Types of Cycling Infrastructure
There are various types of cycling infrastructure. Some examples include bikeways and buffered cycle tracks. Separated bike lanes are also a type of cycling infrastructure. This infrastructure helps cyclists to move through cities and towns safely and quickly. Other examples include bike superhighways, separated bike lanes, instrumented bikes, and protected bikeways.
Cycling superhighways are cycle paths that span cities. London has cycle paths that are coordinated by the Transport for London (TfL). Cycle Superhighway 3 spans from Barking in the east to Lancaster Gate in central London. It is a popular route for commuters and leisure cyclists alike. It passes major destinations in the city, including Westminster, Camden, and Liverpool Street.
When designing cycle highways, engineers must keep safety and mobility in mind. For example, cyclists need good visibility and should have uninterrupted sight lines. They must also have a low-slope profile. In addition, cyclists should be able to ride side-by-side without a fear of being hit by a car. A cycle highway also needs to feature unobstructed intersections and a smooth surface. The route should also be direct and have grade-separated crossings. Intersections should give priority to cyclists, such as separating cyclists from motorists.
Buffered cycle tracks
Buffered cycle tracks can increase the safety of cycling by giving cyclists a buffer zone on either side of the travel lane. This design provides more space to cyclists without causing a distraction for drivers. Buffered cycle tracks also attract more cyclists and pedestrians to the street.
Cycle tracks can be one-way or two-way and can be at street level, sidewalk level, or an intermediate level. They separate bicyclists and motor traffic by incorporating physical buffers such as planters or raised medians. This separation provides additional safety for bicycle users and reduces the number of vehicle-pedestrian crashes.
Buffered cycle lanes create a wider space for bicycle users, making it more appealing to both experienced and beginner cyclists. They also increase the perception of safety among users. They are typically used in places where regular bicycle lanes are unavailable, especially busy streets. They are also generally marked with a bicycle lane symbol. Two solid white lines separate the buffer area from the main travel lane.
Separated bike lanes
Separated bike lanes are important for a number of reasons. They reduce icing and increase traction, but they also need regular maintenance to avoid causing damage to the surrounding environment. Often, separated bike lanes are accompanied by street trees, which can visually narrow the roadway and help with traffic calming. They also can be used as an opportunity to introduce green infrastructure into an urban area.
Separated bike lanes are generally separated from motor vehicle traffic by a barrier. These barriers may be a concrete median, a concrete bollard, or a planter. These barriers prevent vehicles from parking in a bike lane and can also prevent emergency vehicles from parked vehicles.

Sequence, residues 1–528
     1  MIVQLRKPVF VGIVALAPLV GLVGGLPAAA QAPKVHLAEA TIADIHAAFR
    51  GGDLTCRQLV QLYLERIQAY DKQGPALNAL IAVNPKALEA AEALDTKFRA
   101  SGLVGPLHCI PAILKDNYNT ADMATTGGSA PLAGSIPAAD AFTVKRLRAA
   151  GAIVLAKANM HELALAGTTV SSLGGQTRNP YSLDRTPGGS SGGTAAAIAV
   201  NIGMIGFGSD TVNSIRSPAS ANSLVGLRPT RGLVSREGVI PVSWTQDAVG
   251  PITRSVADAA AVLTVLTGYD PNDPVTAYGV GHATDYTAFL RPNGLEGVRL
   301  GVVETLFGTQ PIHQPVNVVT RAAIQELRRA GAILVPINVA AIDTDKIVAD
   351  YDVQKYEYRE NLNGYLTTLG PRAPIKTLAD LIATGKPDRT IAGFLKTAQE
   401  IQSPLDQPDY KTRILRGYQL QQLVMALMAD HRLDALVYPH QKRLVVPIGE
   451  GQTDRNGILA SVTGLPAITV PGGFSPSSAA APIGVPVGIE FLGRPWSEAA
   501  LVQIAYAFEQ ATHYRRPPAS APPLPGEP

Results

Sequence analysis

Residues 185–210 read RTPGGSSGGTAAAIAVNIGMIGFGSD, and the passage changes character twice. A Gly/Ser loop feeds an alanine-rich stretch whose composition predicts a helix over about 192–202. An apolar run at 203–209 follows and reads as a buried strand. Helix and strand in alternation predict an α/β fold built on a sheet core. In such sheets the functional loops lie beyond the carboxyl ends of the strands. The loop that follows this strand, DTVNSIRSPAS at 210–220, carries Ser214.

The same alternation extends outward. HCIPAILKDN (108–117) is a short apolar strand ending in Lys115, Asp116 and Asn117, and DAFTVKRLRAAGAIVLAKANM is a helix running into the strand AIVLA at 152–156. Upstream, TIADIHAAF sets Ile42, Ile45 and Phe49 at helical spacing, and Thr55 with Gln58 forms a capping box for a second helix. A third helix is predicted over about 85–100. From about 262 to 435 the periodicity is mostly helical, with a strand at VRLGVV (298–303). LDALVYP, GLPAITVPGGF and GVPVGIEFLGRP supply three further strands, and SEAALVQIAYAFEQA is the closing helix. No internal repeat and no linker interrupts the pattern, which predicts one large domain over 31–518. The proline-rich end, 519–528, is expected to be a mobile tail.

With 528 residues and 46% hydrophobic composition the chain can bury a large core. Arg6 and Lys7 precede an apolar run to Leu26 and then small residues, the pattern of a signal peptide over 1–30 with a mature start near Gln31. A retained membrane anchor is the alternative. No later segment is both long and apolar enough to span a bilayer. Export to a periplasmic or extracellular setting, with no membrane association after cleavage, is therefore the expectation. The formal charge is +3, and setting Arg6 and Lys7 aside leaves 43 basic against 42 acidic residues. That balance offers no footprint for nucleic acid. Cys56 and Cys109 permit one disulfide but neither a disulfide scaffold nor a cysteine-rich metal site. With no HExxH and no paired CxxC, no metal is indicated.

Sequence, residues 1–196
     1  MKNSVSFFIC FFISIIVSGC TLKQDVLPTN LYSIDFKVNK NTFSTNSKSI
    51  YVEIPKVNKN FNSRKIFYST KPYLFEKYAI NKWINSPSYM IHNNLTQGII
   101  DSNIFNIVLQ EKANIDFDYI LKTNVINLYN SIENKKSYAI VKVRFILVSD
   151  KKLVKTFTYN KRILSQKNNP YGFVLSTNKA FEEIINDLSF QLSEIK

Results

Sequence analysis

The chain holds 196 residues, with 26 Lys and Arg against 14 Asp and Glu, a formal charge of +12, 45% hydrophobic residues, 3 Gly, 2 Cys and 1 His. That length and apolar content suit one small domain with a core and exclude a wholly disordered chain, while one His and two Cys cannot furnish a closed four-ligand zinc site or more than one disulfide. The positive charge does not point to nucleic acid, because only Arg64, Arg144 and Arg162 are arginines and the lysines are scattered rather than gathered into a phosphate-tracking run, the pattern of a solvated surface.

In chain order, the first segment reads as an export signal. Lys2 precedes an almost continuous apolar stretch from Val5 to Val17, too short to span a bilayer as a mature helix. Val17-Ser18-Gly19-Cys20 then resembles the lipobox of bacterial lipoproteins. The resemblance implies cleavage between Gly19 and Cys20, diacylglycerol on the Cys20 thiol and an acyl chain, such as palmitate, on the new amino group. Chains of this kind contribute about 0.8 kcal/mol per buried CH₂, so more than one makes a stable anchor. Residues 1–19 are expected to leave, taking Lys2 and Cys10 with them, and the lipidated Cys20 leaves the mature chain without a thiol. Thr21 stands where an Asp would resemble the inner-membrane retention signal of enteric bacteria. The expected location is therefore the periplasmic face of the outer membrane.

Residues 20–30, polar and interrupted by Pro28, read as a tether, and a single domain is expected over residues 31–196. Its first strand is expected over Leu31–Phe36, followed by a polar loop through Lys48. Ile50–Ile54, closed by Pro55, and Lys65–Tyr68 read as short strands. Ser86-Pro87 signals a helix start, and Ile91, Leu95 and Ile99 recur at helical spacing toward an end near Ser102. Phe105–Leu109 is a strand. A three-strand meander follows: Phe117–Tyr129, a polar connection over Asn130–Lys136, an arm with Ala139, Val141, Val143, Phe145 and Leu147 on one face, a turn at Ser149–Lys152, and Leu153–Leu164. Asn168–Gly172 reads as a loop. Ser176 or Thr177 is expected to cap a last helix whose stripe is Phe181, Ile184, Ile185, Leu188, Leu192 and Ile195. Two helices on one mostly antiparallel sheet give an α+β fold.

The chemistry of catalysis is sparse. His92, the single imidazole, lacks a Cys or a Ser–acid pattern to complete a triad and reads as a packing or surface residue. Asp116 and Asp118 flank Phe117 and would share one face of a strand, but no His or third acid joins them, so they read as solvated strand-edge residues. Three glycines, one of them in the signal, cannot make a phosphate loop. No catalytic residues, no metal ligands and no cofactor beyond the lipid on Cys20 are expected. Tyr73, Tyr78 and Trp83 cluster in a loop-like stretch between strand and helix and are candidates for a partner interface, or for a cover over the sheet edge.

Instrumented bikes in cycling infrastructure can provide real-time information about trail conditions and potential hazards. By measuring trail conditions, the bikes can report to a mobile app or a cloud server that can alert cyclists of any potential problems. As a result, cyclists can plan their journeys more efficiently and avoid potential hazards.
The technology behind the instrumented bicycle combines an inertial measurement unit, a GPS unit, a camera, and a microprocessor into a single device that collects data in real time. The data is then georeferenced and shared with road managers, governments, and bicyclists via a mobile app.
The use of instrumented bikes in cycling infrastructure has become increasingly important to the understanding of cycling behaviour and preferences. This technology has grown in popularity over the last six years and has become increasingly mature. In the UK, this technology has improved the cycling infrastructure by improving ride quality and promoting cycling as a modal choice.
Complete streets for cycling are streets with safe places for people to walk, cycle, or run. These streets include pedestrian infrastructure, such as traditional sidewalks, raised crosswalks, and median crossing islands. Additionally, they have facilities to comply with federal and state laws, such as the Americans with Disabilities Act. They also address the needs of people with disabilities, such as people with vision impairments and those who use wheelchairs.
Complete streets can be a key element in an overall transportation planning effort. The National Complete Streets Coalition, which has a website dedicated to the subject, has a number of resources and case studies. Their Evaluating Complete Streets Projects: A Guide for Practitioners discusses performance metrics that can help measure complete streets’ success. Another resource, Strategies for Accelerating Multimodal Project Delivery, discusses ways to address challenges and delays when implementing complete streets.